New York City Mayor Bill de Blasio announced Sunday that public schools are set to reopen in phases for in-person learning starting December 7.
In-person learning at preschools, 3-K programs and elementary schools will open on that date.
Then schools that serve children with special educational needs, known as District 75 schools, will open on December 10 and middle schools and high schools will reopen at a later, yet to be determined, date.
The schools, which make up the country’s largest school system, have been closed since November 19 after the citywide rate of coronavirus tests coming back positive exceeded the three percent benchmark agreed to by the mayor and the teachers’ union.
‘It’s a new approach because we have so much proof now of how safe schools can be,’ De Blasio said at Sunday’s coronavirus briefing, saying the three percent benchmark was being scrapped.
‘We feel confident that we can keep schools safe,’ he added.
New York City Mayor Bill de Blasio announced Sunday that public schools are set to reopen in phases for in-person learning starting December 7
The mayor’s office said the city will move towards providing in-person learning five days per week.
The mayor estimated that some 190,000 students enrolled in the public schools will be eligible to return the week of December 7 and returning students must have a parent consent form.
When the schools reopen, weekly coronavirus testing will take place for students and faculty.
As of Saturday New York City has reported more than 289,000 cases of COVID-19 and more than 19,580 deaths.
De Blasio announced Sunday that the citywide percentage of people testing positive for COVID-19 has a seven day rolling average of 3.9 percent.
Nationally, there have been more than 13million COVID-19 cases reported and more than 266,000 deaths.
However, not all New Yorkers are on board with the Mayor’s plans. Many parents voiced their outrage on social media following the announcement as the trajectory of the virus only grows more somber, exacerbated by holiday travel.
‘@NYCMayor is going to kill our kids in NYC. Reopening schools due to political pressure, rather than based on science and current virus trends. We’re spiking like crazy, we’re heading towards we’re we were in March/April. And he reopens schools,’ one Twitter user said.
‘Bruh.. Make up your mind. Cases are rising you closed schools originally because we passed the threshold. Case counts continue to rise every single day. Make up your mind, it’s not fair to parents, teachers, and most importantly the students,’ another Twitter user added.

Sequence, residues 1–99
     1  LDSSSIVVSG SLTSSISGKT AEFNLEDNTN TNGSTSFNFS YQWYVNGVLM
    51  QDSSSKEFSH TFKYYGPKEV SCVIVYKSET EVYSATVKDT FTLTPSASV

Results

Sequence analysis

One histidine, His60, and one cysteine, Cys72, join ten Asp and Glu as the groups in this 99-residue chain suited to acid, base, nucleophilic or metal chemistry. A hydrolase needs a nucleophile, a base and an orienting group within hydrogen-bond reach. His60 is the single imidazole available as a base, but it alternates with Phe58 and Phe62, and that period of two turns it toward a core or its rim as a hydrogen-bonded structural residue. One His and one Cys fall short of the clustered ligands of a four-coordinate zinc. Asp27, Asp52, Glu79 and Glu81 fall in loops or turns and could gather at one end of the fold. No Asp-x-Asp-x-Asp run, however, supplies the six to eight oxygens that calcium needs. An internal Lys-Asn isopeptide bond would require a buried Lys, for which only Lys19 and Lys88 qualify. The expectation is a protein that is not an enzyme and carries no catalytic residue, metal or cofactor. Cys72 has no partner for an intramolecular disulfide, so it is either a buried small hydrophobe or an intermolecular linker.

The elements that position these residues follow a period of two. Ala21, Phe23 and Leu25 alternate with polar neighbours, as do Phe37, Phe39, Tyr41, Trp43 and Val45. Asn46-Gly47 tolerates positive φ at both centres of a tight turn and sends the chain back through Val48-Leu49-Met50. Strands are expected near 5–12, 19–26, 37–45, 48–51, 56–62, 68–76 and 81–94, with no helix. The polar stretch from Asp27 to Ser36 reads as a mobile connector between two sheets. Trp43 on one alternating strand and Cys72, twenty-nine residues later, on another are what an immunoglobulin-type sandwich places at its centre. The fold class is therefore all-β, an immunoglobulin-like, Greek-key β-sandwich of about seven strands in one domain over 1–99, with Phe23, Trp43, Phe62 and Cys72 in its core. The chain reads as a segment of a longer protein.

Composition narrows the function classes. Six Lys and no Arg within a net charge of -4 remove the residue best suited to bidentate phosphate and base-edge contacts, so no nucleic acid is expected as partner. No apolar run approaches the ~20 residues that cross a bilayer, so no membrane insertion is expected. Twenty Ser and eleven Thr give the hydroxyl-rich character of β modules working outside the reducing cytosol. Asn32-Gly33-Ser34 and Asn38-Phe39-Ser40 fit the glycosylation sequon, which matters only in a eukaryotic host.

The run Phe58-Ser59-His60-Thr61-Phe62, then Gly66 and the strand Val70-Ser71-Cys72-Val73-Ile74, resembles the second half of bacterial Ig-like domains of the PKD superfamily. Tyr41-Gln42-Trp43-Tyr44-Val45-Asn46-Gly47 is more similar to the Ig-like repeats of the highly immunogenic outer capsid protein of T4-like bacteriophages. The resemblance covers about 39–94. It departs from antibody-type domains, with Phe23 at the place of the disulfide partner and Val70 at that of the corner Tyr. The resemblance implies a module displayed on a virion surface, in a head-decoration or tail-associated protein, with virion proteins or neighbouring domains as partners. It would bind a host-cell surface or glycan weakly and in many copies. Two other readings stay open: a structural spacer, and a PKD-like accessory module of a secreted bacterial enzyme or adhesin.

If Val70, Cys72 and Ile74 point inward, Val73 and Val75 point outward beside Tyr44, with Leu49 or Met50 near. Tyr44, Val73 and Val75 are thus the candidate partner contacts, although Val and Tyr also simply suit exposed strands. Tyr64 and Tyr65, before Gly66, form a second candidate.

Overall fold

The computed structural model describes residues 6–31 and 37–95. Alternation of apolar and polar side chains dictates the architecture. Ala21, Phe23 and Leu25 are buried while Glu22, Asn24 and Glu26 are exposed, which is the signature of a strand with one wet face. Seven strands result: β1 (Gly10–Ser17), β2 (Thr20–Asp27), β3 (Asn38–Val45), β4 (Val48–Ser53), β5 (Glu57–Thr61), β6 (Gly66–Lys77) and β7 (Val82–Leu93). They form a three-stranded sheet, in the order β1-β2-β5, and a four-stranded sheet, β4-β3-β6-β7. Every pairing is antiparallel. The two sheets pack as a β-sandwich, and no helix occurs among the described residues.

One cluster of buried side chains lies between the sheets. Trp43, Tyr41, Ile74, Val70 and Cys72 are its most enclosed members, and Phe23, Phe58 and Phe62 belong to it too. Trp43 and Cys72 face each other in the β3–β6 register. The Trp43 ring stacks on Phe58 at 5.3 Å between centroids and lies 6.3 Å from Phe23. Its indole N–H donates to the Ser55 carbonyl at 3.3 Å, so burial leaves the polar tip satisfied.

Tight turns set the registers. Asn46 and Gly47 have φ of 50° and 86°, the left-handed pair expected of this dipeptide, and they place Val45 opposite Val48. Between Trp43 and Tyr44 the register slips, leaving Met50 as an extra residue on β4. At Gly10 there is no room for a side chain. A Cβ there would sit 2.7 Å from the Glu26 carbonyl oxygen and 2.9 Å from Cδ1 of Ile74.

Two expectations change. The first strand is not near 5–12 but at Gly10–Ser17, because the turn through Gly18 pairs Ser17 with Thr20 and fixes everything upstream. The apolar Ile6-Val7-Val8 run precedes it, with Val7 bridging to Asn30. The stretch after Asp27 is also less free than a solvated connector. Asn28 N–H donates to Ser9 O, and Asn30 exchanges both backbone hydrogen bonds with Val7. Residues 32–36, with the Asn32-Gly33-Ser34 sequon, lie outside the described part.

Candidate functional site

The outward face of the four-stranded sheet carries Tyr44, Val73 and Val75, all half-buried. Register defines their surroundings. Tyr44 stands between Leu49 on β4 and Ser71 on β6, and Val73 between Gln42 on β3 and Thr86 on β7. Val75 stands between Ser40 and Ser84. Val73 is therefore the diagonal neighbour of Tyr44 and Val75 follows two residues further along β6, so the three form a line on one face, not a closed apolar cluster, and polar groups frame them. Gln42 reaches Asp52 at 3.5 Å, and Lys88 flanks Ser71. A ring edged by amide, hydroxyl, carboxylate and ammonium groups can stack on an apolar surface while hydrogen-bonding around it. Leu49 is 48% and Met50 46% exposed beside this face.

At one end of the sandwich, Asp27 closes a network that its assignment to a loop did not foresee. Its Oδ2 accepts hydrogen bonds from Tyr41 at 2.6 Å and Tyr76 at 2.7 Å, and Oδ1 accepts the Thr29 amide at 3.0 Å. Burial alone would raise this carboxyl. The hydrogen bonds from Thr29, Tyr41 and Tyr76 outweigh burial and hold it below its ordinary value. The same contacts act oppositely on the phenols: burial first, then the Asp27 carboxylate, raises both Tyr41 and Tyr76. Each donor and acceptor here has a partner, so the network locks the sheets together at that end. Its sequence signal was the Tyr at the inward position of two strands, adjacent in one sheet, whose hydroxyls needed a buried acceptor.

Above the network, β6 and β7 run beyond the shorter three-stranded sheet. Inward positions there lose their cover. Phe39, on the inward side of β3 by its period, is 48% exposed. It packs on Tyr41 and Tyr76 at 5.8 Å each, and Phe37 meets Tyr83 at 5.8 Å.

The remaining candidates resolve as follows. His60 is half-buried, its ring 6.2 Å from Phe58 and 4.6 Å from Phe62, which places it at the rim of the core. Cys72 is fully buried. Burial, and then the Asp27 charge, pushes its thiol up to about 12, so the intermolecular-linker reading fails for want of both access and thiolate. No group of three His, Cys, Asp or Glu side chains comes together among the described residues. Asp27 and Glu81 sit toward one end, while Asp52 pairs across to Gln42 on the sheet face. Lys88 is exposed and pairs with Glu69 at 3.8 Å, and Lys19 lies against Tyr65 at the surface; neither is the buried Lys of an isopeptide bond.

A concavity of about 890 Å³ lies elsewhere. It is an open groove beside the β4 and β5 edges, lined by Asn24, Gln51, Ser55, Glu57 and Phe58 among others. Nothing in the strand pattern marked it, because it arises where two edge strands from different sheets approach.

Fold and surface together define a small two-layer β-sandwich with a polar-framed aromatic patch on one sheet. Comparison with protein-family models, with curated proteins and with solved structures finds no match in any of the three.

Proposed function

Schoolteacher Melissa Wong packs up the classroom that she appropriated for virtual teaching just a couple of months earlier at Yung Wing School P.S. 124 in New York City on November 19
Many parents voiced their outrage on social media following the announcement as the trajectory of the virus only grows more somber. ‘@NYCMayor is going to kill our kids in NYC. Reopening schools due to political pressure, rather than based on science and current virus trends. We’re spiking like crazy, we’re heading towards we’re we were in March/April. And he reopens schools,’ one Twitter user said
The news comes as the nation’s COVID-19 hospitalizations are skyrocketing.
The number of coronavirus patients currently being treated in hospitals across the country has nearly doubled in the last month, hitting more than 91,000 over the Thanksgiving weekend.
As of Saturday 91,635 Americans were hospitalized with the virus, according to the COVID Tracking Project.
The rate of hospitalizations – now at the highest level since the pandemic began – comes after weeks of rising infection rates nationwide, with 16 states reporting record numbers of daily new cases on Thursday and Friday.
Now health officials fear that holiday travel starting with Thanksgiving will only fuel the surge.
Dr Celine Gounder, a member of President-elect Joe Biden’s COVID-19 advisory board, offered a grave warning about forthcoming spikes on Saturday.
Dr Celine Gounder, a member of President-elect Joe Biden’s COVID-19 advisory board, warned on Saturday that many Americans who celebrated Thanksgiving with family and friends could end up in the hospital or ICU by Christmas
‘We fully expect that in about a week or two after Thanksgiving we will see an increase in cases first, then about a week or two later you’ll start to see an increase in hospitalizations, and then another week or two after that you’ll start to see deaths,’ Gounder told CBS News, noting that symptoms of the virus can develop up to 14 days after exposure.
‘Unfortunately, that means that many people who celebrated with family, with friends over Thanksgiving will find themselves in the hospital, in ICUs over Christmas and New Years,’ she added.